Science also provides a tool for understanding the challenging problems we face and international efforts allow us to build on each others’ investments and support international dialogue around difficult issues. We need to better understand complex systems and the science/policy interface has been receiving increased attention internationally. Allow me to mention a few examples.
The Intergovernmental Panel on Climate Change (IPCC) is certainly the most well known, tackling the hugely complex science of climate change, mankind’s role in it, its potential environmental and socio-economic impacts, as well as presenting policymakers with options for adapting to and mitigating climate change. Hundreds of scientists and technical experts contribute to each working group report. Collectively, thousands of scientists from around the world will have contributed to the final, complete IPCC Fifth Assessment, including dozens of U.S. Government researchers.
The Working Group I contribution on the Physical Science of climate change was just released in September after an enlightening Approval Session in Stockholm. The report reinforces and strengthens the already-robust conclusions that the Earth’s climate is changing and that those changes are largely being driven by human activities. It also strengthens the confidence in projections of increasing severity from climate change unless much more comprehensive and vigorous mitigation is undertaken worldwide. Right now, our government – along with all other Parties to the IPCC – is in the midst of reviewing the final draft of the Working Group 2 report on impacts, adaptation and vulnerability, which will be approved in Japan in March. And in a month, the final draft of the Working Group 3 report on mitigation will be released for governmental review with the approval coming in April in Germany. It’s a long process with a monumental – and I might add voluntary – effort by all of these experts around the world, but I think we can all agree that the value it provides in helping solve what many would call the biggest challenge facing the world is enormous.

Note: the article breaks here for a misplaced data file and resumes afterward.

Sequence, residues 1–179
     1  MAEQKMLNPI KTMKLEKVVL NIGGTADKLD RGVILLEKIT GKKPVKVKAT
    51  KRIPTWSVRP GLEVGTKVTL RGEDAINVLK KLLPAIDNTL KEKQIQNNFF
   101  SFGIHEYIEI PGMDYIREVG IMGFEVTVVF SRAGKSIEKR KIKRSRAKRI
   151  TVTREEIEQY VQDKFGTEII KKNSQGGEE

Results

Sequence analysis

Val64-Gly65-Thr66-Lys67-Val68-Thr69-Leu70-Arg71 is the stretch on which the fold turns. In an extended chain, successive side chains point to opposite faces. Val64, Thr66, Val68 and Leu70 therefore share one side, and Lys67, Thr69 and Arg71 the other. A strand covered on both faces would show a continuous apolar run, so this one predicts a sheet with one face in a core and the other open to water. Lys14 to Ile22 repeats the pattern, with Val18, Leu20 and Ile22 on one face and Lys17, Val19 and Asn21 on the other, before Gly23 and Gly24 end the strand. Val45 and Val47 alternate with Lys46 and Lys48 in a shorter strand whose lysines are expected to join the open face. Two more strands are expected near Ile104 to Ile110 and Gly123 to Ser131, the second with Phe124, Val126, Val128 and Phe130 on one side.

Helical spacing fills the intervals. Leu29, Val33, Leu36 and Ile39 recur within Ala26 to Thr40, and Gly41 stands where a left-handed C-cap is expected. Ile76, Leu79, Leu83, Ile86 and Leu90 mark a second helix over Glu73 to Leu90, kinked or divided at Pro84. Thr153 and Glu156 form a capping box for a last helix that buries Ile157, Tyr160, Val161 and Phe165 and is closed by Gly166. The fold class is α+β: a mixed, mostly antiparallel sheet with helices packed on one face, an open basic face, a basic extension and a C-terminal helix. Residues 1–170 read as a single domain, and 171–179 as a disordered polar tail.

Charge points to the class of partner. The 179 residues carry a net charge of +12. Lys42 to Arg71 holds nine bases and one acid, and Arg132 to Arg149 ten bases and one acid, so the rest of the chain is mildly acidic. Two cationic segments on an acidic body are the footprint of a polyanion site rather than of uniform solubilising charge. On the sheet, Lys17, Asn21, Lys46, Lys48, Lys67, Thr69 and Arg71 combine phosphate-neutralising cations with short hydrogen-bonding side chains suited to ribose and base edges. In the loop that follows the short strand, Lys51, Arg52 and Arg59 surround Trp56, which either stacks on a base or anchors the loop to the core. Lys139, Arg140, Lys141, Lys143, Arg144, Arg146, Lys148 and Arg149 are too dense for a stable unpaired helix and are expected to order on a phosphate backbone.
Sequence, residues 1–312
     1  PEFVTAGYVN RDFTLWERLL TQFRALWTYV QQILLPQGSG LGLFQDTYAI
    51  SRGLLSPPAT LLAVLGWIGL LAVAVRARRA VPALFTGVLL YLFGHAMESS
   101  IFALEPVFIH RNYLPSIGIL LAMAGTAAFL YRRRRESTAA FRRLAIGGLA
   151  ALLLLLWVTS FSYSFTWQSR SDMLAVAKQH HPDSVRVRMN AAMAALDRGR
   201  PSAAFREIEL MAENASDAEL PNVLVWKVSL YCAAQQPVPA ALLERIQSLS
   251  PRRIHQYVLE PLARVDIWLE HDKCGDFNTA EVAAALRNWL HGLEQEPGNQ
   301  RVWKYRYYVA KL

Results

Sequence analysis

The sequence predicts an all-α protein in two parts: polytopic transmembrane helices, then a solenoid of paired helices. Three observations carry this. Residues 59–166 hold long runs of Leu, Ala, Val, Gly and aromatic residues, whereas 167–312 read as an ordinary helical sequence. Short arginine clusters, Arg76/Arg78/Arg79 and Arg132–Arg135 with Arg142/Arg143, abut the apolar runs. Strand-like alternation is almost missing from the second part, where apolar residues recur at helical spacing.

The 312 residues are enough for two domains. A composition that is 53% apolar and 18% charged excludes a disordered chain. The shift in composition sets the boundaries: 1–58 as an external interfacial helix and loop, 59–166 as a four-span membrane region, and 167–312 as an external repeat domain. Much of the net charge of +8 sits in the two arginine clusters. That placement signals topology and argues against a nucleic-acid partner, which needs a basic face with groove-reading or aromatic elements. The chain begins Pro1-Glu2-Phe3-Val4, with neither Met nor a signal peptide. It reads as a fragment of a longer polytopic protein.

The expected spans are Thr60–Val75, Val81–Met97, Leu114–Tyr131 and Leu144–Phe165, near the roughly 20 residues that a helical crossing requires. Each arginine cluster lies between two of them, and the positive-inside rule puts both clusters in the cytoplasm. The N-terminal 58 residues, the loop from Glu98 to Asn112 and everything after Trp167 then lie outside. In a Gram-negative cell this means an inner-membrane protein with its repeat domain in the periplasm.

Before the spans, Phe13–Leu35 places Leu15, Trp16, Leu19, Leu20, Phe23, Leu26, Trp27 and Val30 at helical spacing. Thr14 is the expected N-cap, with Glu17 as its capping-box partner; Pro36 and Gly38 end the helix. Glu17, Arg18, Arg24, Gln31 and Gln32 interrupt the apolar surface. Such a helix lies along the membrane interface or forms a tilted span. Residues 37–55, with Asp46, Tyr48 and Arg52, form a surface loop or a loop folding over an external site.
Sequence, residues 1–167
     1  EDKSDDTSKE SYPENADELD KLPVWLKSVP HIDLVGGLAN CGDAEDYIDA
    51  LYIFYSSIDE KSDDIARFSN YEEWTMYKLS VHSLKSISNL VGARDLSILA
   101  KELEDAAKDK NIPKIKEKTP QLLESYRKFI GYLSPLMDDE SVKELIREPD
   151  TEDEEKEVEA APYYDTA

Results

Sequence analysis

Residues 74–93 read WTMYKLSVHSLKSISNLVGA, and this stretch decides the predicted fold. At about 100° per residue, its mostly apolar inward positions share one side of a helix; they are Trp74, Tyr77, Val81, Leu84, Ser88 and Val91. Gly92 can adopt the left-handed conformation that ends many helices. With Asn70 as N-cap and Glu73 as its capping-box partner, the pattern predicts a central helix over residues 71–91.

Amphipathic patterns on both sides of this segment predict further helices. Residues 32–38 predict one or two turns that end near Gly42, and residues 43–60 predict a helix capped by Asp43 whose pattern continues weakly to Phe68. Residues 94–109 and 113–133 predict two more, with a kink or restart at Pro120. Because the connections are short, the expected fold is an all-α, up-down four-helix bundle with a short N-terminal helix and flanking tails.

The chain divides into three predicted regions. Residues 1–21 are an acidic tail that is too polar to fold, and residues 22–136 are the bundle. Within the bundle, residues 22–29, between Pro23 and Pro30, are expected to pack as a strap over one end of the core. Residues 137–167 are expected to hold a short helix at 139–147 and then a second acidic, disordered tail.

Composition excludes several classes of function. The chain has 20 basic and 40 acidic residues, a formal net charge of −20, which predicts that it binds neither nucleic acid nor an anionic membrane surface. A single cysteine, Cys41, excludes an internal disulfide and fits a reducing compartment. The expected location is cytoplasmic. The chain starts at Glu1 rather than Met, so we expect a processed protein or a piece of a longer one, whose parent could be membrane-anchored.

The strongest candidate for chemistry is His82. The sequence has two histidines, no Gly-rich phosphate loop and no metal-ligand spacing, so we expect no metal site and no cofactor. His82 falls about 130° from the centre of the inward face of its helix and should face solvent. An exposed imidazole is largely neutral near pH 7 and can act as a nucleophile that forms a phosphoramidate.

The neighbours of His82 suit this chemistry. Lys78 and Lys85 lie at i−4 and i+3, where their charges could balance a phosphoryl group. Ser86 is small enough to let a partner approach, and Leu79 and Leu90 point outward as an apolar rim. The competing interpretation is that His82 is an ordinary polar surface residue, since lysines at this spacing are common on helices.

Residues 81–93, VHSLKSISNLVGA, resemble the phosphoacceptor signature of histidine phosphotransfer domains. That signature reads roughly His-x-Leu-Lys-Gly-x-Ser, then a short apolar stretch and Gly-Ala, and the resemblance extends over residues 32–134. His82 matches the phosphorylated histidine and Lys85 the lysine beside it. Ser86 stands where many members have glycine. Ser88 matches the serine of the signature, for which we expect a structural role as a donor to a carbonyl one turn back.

Another effort, the intergovernmental Group on Earth Observations, or GEO, launched in 2005, is central to the role of science for sustainability. Its core mission is to enable the science-informed decision-making needed to drive sound policy on issues such as food, water, and energy security, resilience to natural hazards, and the development of sustainable economies. At the time of GEO’s creation, Ministers laid out a 10-Year Implementation Plan containing specific actions designed to promote full and open access to Earth-observing data and information, and work to towards building a Global Earth Observation System of Systems (GEOSS) to meet the need for “timely, quality, long-term, global information as the basis for sound decision-making.” The core tenant of GEO and GEOSS is simple: To make the individual Earth observation systems work more like nature does - as a system of systems - through common protocols, interoperability and the free and open exchange of Earth observation data.
Biodiversity -- The Intergovernmental Platform for Biodiversity and Ecosystem Services (IPBES), is intended to help integrate scientific knowledge and expertise about biodiversity, ecosystem services and the value of both to human well-being into policymaking. Its work is lead by an independent group of scientific experts who will conduct open, transparent assessments of existing scientific knowledge and information on biodiversity and ecosystem services. The potential is great for IPBES to serve as both a repository of valuable scientific knowledge and expertise, as well as a resource for policymakers at all levels to formulate science-based policies regarding biodiversity and ecosystem services.
A final initiative I would like to highlight is the United Nations World Ocean Assessment, which aims to provide a scientific assessment of the state of the ocean for the first time. It is designed to reveal, through peer-reviewed science, the efficacy of ocean and coastal policy and management decisions. If comprehensive input is provided and properly analyzed, the results of the first World Ocean Assessment will provide a valuable baseline from which successive Assessments can be compared.
In addition to understanding, science and technology also provide ways to address some of the challenging environmental problems we face.